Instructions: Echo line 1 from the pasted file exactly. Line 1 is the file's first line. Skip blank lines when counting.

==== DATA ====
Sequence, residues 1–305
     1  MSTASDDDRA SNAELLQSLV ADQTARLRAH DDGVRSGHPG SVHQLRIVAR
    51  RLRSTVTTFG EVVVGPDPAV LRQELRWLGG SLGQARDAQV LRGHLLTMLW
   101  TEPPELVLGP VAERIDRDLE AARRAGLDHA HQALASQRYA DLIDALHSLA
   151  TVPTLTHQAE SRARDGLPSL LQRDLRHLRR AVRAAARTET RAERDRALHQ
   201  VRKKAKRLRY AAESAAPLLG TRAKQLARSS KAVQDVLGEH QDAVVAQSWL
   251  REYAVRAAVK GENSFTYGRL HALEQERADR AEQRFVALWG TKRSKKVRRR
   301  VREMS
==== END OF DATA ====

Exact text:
Sequence, residues 1–305